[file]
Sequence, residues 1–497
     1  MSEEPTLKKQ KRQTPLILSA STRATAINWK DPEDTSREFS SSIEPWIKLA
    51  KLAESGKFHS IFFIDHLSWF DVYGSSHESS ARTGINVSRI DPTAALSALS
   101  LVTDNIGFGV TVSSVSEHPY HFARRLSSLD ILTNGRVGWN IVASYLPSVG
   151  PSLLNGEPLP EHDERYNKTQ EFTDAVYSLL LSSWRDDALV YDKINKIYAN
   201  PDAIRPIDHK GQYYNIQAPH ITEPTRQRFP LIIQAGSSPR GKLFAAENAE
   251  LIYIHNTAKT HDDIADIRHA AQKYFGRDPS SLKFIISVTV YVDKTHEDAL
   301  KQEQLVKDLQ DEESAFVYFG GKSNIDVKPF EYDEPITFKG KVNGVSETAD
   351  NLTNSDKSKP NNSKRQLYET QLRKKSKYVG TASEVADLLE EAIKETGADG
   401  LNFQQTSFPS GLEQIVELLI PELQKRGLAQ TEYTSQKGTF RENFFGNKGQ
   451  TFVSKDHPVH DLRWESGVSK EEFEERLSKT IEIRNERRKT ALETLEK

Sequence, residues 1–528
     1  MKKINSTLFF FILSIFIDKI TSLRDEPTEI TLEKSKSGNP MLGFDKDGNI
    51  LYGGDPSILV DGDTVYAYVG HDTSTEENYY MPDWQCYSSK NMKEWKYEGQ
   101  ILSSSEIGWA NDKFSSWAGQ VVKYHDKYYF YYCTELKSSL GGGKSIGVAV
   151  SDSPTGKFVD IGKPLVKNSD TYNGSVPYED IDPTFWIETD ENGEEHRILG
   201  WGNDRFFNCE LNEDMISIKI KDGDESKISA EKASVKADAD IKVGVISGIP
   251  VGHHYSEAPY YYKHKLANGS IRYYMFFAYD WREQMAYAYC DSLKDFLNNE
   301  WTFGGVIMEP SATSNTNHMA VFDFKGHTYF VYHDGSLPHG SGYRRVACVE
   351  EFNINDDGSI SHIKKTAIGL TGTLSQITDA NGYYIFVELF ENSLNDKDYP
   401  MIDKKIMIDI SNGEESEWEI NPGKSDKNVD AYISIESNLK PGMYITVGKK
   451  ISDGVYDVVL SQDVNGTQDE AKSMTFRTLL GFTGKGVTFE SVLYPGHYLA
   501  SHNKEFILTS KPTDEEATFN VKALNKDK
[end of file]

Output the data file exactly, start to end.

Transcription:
Sequence, residues 1–497
     1  MSEEPTLKKQ KRQTPLILSA STRATAINWK DPEDTSREFS SSIEPWIKLA
    51  KLAESGKFHS IFFIDHLSWF DVYGSSHESS ARTGINVSRI DPTAALSALS
   101  LVTDNIGFGV TVSSVSEHPY HFARRLSSLD ILTNGRVGWN IVASYLPSVG
   151  PSLLNGEPLP EHDERYNKTQ EFTDAVYSLL LSSWRDDALV YDKINKIYAN
   201  PDAIRPIDHK GQYYNIQAPH ITEPTRQRFP LIIQAGSSPR GKLFAAENAE
   251  LIYIHNTAKT HDDIADIRHA AQKYFGRDPS SLKFIISVTV YVDKTHEDAL
   301  KQEQLVKDLQ DEESAFVYFG GKSNIDVKPF EYDEPITFKG KVNGVSETAD
   351  NLTNSDKSKP NNSKRQLYET QLRKKSKYVG TASEVADLLE EAIKETGADG
   401  LNFQQTSFPS GLEQIVELLI PELQKRGLAQ TEYTSQKGTF RENFFGNKGQ
   451  TFVSKDHPVH DLRWESGVSK EEFEERLSKT IEIRNERRKT ALETLEK

Sequence, residues 1–528
     1  MKKINSTLFF FILSIFIDKI TSLRDEPTEI TLEKSKSGNP MLGFDKDGNI
    51  LYGGDPSILV DGDTVYAYVG HDTSTEENYY MPDWQCYSSK NMKEWKYEGQ
   101  ILSSSEIGWA NDKFSSWAGQ VVKYHDKYYF YYCTELKSSL GGGKSIGVAV
   151  SDSPTGKFVD IGKPLVKNSD TYNGSVPYED IDPTFWIETD ENGEEHRILG
   201  WGNDRFFNCE LNEDMISIKI KDGDESKISA EKASVKADAD IKVGVISGIP
   251  VGHHYSEAPY YYKHKLANGS IRYYMFFAYD WREQMAYAYC DSLKDFLNNE
   301  WTFGGVIMEP SATSNTNHMA VFDFKGHTYF VYHDGSLPHG SGYRRVACVE
   351  EFNINDDGSI SHIKKTAIGL TGTLSQITDA NGYYIFVELF ENSLNDKDYP
   401  MIDKKIMIDI SNGEESEWEI NPGKSDKNVD AYISIESNLK PGMYITVGKK
   451  ISDGVYDVVL SQDVNGTQDE AKSMTFRTLL GFTGKGVTFE SVLYPGHYLA
   501  SHNKEFILTS KPTDEEATFN VKALNKDK